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Using Tables
1 Details
2 Examples
3 Resources
4 Step-by-Step
Using Tables

Using Tables

Tables have become synonymous with layout of web pages over the past years. To undertand why this might be so, you need to remember that because people’s screen sizes, resolutions, browsers and PCs vary, so too does their page layout. So where you have designed a visually stunning page with elements well co-ordinated, a viewer using a different resolution could in fact be looking at a jumble.

Tables have served to rescue this situation by acting as "containers" for your layout. For example, if you designed your page within a table of width 600 pixels, you can be confident that this layout will transfer to all your visitors.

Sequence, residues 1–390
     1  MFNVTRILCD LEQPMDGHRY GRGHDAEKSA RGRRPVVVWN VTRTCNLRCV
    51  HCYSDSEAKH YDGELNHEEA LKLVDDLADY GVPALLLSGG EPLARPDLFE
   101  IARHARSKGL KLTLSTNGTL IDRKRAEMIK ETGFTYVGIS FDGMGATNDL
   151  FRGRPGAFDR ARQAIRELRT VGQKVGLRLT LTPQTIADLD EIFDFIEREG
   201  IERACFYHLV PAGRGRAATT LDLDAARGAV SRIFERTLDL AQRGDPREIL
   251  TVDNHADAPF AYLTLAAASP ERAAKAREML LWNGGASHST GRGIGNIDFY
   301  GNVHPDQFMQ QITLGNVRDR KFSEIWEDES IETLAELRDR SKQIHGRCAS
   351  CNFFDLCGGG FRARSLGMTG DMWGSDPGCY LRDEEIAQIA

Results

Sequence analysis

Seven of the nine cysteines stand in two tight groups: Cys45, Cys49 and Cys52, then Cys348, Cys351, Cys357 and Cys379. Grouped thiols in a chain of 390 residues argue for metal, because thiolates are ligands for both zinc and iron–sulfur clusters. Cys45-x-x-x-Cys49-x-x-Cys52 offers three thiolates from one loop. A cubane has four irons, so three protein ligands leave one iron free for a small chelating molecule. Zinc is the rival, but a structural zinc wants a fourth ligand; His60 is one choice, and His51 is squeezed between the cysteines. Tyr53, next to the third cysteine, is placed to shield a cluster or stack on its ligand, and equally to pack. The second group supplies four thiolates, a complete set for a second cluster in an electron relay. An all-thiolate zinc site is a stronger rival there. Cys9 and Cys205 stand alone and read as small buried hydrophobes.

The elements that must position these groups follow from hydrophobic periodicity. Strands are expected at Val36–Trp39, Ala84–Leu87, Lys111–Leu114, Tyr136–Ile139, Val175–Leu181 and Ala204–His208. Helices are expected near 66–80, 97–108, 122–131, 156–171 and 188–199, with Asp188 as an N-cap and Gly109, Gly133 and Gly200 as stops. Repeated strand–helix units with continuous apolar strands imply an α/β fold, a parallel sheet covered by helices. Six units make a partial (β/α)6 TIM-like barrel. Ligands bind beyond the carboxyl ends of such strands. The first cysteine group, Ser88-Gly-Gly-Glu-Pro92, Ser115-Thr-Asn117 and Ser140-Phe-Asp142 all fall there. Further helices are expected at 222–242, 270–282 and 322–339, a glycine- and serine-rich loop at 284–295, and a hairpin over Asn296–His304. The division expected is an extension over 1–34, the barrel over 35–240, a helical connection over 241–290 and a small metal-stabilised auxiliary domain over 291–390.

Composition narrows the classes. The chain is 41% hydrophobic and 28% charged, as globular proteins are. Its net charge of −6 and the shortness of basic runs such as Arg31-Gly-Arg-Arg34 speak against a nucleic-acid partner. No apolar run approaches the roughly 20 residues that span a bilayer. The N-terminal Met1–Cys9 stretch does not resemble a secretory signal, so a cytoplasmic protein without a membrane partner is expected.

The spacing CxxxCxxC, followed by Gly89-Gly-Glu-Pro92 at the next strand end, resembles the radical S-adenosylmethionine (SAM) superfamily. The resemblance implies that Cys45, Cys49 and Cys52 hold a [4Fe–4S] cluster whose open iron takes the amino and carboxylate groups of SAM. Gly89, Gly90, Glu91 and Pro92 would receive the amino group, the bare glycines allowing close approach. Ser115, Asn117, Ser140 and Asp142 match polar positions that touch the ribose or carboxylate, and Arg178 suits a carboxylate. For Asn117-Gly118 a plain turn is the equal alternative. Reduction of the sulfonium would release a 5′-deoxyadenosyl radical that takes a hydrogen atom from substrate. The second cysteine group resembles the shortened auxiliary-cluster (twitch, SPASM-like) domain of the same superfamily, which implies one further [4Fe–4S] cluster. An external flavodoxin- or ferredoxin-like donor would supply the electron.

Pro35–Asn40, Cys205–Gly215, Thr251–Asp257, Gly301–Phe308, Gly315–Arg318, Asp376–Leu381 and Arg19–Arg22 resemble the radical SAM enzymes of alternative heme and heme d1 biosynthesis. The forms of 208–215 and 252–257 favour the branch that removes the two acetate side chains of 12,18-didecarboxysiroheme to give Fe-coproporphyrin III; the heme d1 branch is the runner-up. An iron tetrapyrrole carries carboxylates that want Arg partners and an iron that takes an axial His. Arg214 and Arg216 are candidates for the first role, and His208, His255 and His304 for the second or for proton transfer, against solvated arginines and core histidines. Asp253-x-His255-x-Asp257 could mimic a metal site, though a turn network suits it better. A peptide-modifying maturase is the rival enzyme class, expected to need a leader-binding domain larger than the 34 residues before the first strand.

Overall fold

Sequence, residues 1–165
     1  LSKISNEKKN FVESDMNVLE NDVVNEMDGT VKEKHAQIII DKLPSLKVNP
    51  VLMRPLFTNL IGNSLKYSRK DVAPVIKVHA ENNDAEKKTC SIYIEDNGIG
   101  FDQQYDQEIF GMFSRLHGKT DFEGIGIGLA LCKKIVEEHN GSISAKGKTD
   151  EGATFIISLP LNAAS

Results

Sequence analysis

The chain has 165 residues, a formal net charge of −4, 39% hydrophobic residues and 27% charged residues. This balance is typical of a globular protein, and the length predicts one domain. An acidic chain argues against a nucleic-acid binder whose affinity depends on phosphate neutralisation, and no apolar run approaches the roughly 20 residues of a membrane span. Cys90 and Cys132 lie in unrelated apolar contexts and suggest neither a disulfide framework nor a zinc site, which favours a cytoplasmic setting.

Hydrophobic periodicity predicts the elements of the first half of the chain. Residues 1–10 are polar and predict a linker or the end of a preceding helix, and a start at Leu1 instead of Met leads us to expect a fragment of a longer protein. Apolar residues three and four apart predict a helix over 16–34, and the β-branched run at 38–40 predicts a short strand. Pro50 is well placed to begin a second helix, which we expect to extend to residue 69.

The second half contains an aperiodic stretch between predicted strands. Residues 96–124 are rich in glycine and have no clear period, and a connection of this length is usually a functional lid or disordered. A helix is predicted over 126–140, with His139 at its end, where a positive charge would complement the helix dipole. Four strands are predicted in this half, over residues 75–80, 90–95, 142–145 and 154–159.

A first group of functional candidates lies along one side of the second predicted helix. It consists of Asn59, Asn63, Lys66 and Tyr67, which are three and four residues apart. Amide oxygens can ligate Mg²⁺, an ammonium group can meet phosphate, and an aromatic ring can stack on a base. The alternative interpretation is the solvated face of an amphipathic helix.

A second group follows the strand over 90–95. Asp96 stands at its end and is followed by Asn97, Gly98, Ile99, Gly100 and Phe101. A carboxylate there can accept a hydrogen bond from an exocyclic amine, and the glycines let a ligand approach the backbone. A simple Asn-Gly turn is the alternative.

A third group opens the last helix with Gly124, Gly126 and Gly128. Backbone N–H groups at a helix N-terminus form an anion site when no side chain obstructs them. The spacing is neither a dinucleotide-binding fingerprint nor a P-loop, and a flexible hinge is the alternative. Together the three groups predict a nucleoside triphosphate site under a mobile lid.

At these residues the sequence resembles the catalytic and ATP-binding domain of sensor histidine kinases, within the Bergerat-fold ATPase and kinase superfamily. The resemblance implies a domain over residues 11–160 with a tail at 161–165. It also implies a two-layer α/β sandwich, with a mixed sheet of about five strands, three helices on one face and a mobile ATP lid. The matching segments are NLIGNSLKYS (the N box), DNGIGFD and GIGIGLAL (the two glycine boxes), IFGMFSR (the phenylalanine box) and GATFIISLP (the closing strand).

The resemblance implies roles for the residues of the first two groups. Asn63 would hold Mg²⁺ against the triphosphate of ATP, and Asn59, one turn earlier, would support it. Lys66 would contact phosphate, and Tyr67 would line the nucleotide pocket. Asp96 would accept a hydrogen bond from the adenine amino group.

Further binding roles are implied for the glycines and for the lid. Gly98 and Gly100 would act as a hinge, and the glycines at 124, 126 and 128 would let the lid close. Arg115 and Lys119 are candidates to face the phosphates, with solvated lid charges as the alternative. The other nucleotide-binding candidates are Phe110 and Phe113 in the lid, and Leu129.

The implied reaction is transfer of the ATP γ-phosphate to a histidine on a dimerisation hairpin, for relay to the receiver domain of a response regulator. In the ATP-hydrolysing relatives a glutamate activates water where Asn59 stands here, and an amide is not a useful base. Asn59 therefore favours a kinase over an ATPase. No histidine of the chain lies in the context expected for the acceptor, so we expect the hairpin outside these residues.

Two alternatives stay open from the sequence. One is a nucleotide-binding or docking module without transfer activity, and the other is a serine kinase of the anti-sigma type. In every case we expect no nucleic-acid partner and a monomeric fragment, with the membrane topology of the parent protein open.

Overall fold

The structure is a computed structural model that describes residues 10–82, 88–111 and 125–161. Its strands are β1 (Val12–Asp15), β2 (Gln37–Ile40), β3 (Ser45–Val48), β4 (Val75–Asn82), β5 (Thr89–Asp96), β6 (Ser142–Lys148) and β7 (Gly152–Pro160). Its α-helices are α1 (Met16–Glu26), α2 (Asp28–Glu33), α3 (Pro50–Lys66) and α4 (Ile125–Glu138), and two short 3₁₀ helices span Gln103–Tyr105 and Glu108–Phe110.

Note: Frustratingly, inconsistencies like different browsers using different "margins" and so forth guarantees some glitches even while using tables.

Warning: 1999 sees the beginning of using CSS (cascading style sheets) to implement positioning and page layout rather than using the traditional approach of tables. Using tables can create problems for newer devices starting to be used to view web pages such as Web T.V. and PDAs. However at the present time, for designing school web sites, tables remain the most straightforward method of achieving consistent page layout.